The stars will be out and converging on the Odeon Manchester Great Northern tonight as the city’s Film Festival enters its sixth year of running.
The timetable of events that culminates with an awards ceremony on Sunday 15 March features cinematic contributions from a variety of emerging talents currently working around the globe.
Accentuating the festival’s line-up will be Q + A sessions with directors, industry panel discussions, and in-depth Filmmaker Studio Live interviews, led by a dot-to-dot of industry figures that stretch from the likes of Cornetto-trilogy star Simon Pegg, to the highly-acclaimed Joanna Hogg, director of indie-romance The Souvenir.
Programming for the festival is split into a selection of Narrative Features, Documentary Features, “Das Kino” aka German Film Showcase, as well as a full program of short-films, split into the subcategories of Narrative Shorts, Documentary Shorts, Animation, and Music Videos.
There’s also a ‘Twenty in 20’ series of screenings that, yes you guessed it, is dedicated to modern classics that will be turning twenty years-old this year. Including Ardman Animations’ Chicken Run, Christopher Nolan’s mind-bending neo-noir Memento, and Danny Boyle’s indie cult-hit adaption of The Beach.
It’s fair to say there’s something for anyone and everyone with even a mild interest in cinema.
Opening the festival tonight is a film about the cinema itself and its immovable power to bring people together in defiance of both physical and metaphysical barriers.
Traumfabrik, part of the ‘Das Kino’ program, is a period German romance about a movie extra’s ambitious efforts to be reunited with the love of his life after they are separated by the construction of the Berlin wall.
“German film has always been one of the most popular with the MANIFF demographic,” says head of programming Al Bailey.
Directed by Martin Schreier, this will mark the first of the five entries to the German Film Showcase program, all of which are having their UK premiers in Manchester.
What better way to begin a film festival in 2020 post-Brexit Britain, than with a European film about art and the artists’ power to transcend barriers?
NARRATIVE FEATURES NOT TO MISS:
Lost Transmissions – Directed by Katherine O’Brien
Screening: Sunday 8 March at 5:30pm – Odeon, Great Northern
Katherine O’Brien’s Lost Transmissions has one of the most enticing premises of any of the films being showcased this year. It follows Simon Pegg as an acclaimed music producer who ditches his schizophrenia medication and leads his worried friends on a chase through the LA music scene as they try to recommit him to a psychiatric hospital. The film is said to offer a critique of the current mental health care system, whilst teasing a standout performance from Pegg.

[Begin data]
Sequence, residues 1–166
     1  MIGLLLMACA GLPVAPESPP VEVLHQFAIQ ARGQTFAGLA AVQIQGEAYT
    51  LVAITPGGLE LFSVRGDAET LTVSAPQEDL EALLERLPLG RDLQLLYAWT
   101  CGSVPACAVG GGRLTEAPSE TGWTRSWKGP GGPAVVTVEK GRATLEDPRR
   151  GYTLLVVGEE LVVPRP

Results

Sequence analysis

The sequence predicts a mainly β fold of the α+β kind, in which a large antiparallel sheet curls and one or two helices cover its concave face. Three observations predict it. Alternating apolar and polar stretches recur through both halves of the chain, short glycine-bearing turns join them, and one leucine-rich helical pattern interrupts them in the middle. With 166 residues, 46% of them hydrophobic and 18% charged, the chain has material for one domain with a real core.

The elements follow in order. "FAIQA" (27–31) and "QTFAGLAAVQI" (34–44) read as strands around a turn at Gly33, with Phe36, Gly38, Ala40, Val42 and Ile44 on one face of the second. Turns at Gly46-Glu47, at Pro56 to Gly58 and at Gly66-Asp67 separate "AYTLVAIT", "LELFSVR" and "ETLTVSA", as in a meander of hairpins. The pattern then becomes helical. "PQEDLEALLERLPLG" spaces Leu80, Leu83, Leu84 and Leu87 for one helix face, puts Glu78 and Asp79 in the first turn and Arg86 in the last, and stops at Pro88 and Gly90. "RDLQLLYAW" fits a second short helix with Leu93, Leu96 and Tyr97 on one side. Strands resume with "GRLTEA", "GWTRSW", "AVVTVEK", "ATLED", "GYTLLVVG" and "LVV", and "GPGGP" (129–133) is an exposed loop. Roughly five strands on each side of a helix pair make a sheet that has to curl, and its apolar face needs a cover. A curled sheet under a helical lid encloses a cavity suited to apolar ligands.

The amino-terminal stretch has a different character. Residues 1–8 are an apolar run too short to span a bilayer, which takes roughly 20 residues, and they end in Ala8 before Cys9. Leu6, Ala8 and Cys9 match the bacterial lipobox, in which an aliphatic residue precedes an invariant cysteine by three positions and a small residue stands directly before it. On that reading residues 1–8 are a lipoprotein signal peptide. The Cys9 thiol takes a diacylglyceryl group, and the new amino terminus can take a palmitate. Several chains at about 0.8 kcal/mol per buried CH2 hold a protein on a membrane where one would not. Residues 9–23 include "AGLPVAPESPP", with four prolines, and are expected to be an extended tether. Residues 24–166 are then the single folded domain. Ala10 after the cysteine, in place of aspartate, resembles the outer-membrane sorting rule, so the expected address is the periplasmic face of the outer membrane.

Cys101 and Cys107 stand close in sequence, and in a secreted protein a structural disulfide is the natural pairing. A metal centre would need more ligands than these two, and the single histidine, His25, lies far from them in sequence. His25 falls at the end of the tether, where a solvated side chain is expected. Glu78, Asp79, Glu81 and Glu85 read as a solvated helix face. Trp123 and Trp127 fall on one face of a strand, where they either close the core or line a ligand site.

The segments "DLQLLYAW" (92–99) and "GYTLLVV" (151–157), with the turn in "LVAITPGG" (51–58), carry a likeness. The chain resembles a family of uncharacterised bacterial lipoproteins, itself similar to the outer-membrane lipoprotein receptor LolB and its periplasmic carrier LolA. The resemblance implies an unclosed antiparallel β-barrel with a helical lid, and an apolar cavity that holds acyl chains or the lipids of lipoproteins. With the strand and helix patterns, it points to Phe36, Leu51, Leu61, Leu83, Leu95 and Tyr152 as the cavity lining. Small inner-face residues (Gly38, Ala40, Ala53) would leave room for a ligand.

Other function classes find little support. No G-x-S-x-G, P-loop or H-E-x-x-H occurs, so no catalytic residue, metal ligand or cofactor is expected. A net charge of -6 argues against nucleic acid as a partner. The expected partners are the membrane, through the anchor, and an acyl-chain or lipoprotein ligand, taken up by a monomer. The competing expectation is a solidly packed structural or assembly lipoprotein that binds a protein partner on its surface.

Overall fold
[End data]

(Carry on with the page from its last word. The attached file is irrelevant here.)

The screening will be immediately followed by a Q+A with Katherine O’Brien and Simon Pegg, which promises to be worth staying for.
Write When You Get Work – Directed by Stacey Cochran
Screening: Sunday 8 March at 7:45 – Odeon, Great Northern
The trailer for Stacey Cochran’s Write When You Get Work is of a rare distinction of film trailers (which are an art-form in themselves) in that it makes the viewer excited to see the film, without giving away too much about what they can expect from the narrative.
With cinematography by frequent Paul Thomas Anderson collaborator Robert Elswit, and stars such as Emily Mortimer, Finn Wittrock and Rachel Keller, this “story about money, mischief, love and entitlement, set in New York City” is one of the most exciting contributions to this year’s line-up.
Stacey Cochran will be in-conversation with fellow director and long-time friend Joanna Hogg before the screening begins; a meeting of two of the most important voices in independent cinema right now, and very much worth your time and money.
There will also be a post-screening Q+A with Stacey Cochran.
Days of the Bagnold Summer – Directed by Simon Bird
Screening: Thursday 12 March at 8:15pm – Odeon, Great Northern
Simon Bird’s feature directorial debut, Days of the Bagnold Summer, is a coming of age dramedy about a teenager who spends his summer listening to heavy metal music and trying to get along with his librarian mum.
The cast boasts a selection of British comedy favourites such as Rob Brydon, Tamsin Greig, Alice Lowe, and new-comer Earl Cave who had a small but memorable role as ‘Frodo’ in Channel 4’s The End Of The F***ing World. The screenplay was adapted by Lisa Owens from a graphic novel of the same name by Joff Winterhart.
The film marks an exciting career move for director Simon Bird, who most will know as ‘Simon’ from The Inbetweeners.
These films listed here merely scratch the surface of the plethora of high-quality work that has been produced and is being showcased at this year’s festival. For the full list of events and screenings, and information about the filmmakers involved, please visit the MANIFF 2020 website.
— Manchester Film Fest (@ManIFFofficial) January 21, 2020